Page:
The result is a striking fractal curve that is tightly folded but never crosses itself. The aligment of the folds give the impression of “lines” forming kites and arrowheads with angles of passing through the fractal. We can also visualize this as the process of folding a “polymeric” string made up of segment monomers of the length of a Meru number of segments. The monomers either continue in the same direction or turn by a given angle in one direction or the opposite as per the sequence. Instead of turning we can turn by other angles too.
Figure 2. Turning by
This results in fractal that is superficially reminiscent of the famous von Koch curve but is clearly different from it. It has a core “hexagonal” symmetry which can be simulated by drawing hexagons at the vertices of a core hexagon and repeating it.
Figure 3. Turning by
This operation is similar to the above one but by virtue of its angle generates a “pentagonal” symmetry. These examples establish the innate fractal structure of the Meru words.
We had seen earlier that given a quadratic surd we can perform the following operation:
It generates a sequence which can be represented as a word in a two letter alphabet (i.e in 0 and 1). For a quadratic surd but not transcendental number we can even figure out a substitution rule which generates that pattern. For the Golden ratio the pattern is the same as what we get by the above substitution operation to generate the Meru word. The words for or when subject to the above drawing mechanism, unlike that for the Golden ratio do not generate a fractal pattern. However, we discovered words generated in a 3-letter alphabet that encode or which can result in fractal curves (see below). In any case, sticking to the 2-letter alphabet for now, a substitution rule which generates words where the ratio of 0s to 1s converges to , also called the Silver ratio, generates a fractal curve with an underlying bifurcating pattern symmetry (Figure 4).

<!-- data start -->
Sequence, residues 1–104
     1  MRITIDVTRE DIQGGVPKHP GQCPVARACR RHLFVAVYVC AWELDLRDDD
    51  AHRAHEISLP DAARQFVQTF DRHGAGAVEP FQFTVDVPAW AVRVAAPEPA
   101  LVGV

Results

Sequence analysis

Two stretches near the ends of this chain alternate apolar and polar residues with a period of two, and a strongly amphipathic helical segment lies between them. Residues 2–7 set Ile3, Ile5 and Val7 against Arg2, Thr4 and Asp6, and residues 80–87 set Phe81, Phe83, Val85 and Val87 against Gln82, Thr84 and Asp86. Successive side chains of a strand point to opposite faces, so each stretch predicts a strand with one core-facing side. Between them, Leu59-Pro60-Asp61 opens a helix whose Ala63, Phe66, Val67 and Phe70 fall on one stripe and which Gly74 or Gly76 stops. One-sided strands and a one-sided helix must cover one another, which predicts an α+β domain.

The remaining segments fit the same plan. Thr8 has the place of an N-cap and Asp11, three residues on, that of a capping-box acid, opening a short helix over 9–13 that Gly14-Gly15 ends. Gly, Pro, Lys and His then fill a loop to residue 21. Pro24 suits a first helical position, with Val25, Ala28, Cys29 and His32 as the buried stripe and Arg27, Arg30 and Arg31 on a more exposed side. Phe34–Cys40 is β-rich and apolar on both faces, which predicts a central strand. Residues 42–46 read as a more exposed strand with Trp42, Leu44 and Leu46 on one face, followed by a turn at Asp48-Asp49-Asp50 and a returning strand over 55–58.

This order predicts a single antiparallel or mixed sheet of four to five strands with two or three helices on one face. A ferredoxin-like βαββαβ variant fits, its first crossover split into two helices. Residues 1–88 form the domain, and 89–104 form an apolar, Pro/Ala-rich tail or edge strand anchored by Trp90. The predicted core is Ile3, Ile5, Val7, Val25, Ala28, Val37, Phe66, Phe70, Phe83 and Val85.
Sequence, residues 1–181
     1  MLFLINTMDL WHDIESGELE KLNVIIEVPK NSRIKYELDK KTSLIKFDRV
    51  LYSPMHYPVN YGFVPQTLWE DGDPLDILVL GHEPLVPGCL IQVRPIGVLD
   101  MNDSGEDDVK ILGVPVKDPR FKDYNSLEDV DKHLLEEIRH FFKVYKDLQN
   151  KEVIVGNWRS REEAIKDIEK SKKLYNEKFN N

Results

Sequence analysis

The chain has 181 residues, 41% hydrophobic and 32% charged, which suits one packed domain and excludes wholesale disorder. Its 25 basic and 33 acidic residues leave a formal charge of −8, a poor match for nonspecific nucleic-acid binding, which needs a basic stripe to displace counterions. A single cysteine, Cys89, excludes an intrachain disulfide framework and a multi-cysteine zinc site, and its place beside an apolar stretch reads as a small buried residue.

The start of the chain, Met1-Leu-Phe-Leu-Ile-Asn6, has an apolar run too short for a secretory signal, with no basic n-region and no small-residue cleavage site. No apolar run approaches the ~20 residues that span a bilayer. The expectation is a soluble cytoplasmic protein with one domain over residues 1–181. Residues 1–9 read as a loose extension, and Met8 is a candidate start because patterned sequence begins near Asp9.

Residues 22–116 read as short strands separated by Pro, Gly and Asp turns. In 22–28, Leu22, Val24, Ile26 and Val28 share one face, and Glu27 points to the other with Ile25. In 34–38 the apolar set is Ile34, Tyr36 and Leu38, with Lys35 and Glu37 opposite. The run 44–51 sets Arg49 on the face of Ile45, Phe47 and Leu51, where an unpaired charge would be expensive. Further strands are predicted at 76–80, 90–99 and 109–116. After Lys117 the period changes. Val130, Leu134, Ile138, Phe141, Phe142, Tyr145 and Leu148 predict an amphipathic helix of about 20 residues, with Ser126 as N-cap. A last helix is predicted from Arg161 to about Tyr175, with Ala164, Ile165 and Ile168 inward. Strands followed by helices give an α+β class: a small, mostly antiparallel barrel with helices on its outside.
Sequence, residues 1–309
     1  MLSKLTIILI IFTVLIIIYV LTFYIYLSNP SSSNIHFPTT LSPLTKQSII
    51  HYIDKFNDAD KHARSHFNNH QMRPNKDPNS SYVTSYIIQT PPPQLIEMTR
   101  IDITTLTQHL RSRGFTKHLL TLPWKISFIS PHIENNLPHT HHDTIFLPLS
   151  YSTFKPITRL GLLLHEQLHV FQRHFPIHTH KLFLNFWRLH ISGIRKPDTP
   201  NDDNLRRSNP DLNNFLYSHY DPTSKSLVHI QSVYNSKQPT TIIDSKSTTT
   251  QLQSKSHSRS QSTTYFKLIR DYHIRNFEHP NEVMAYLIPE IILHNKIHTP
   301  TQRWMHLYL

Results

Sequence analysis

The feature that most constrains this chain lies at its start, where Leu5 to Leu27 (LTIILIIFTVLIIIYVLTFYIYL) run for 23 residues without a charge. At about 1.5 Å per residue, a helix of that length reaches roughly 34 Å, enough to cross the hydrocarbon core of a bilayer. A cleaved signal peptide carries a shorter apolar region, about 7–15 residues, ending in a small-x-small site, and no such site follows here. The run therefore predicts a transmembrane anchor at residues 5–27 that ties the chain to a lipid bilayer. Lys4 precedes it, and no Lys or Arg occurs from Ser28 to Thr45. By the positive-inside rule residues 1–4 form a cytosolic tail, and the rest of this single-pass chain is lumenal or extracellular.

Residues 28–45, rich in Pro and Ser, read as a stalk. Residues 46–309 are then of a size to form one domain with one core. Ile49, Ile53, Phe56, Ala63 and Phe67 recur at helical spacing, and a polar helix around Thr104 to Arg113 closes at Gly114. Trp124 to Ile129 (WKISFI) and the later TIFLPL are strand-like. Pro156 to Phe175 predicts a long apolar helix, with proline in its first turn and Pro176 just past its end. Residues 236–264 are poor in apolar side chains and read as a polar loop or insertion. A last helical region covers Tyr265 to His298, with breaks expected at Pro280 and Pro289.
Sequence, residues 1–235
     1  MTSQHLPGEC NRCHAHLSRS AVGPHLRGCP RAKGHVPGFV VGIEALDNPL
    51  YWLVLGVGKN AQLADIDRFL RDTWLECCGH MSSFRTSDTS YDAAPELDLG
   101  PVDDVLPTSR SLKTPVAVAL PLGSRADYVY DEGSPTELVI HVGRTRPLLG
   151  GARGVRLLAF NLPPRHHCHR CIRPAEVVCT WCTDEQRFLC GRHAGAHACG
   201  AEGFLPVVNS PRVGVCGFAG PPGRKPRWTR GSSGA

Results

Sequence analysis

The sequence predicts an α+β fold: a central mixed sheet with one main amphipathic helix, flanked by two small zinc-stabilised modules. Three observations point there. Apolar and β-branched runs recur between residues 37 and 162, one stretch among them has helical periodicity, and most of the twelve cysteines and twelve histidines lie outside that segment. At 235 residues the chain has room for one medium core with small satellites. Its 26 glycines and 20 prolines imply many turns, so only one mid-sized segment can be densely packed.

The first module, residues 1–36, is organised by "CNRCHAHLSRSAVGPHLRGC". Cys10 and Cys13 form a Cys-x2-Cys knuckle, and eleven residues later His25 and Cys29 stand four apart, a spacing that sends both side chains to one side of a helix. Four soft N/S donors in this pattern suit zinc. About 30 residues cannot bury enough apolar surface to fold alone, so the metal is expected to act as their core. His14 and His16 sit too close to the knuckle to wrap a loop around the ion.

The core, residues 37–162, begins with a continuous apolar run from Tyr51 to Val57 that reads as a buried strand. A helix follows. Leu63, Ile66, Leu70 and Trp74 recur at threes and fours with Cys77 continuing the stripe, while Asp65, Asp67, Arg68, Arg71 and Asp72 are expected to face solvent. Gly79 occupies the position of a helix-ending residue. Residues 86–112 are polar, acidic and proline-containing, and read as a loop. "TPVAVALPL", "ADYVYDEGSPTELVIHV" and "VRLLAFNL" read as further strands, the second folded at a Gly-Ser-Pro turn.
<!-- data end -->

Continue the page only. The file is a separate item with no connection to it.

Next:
Figure 4. Rule: , Silver ratio.
Notably, a rule which generates 0s and 1s in 1:1 ratio also generates a fractal, which is equivalent to that generated by iterative removal of a rectangle from a half-square isoceles triangle (Figure 5).
Figure 5. Rule:
We can generate Meru words by yet another method: Start with . Then concatenate the current word with the previous one to get the next word: . This generates the words ( shown):
One will notice a relationship of these words with a particular mora-count of the Hindu metrical system (0 and 1 inverted). Meru words generated by this mechanism will have the ratio of 1s to 0s converge to the Golden ratio. Applying the above drawing procedure results in a non-crossing fractal related to, but distinct from, the Meru curve obtained by the above procedure (Figure 6).
Figure 6. Concatenated Meru curve, rule:
If we start with and apply the same procedure then we get words which have ratio of 0s to 1s converging to the square of the Golden ratio .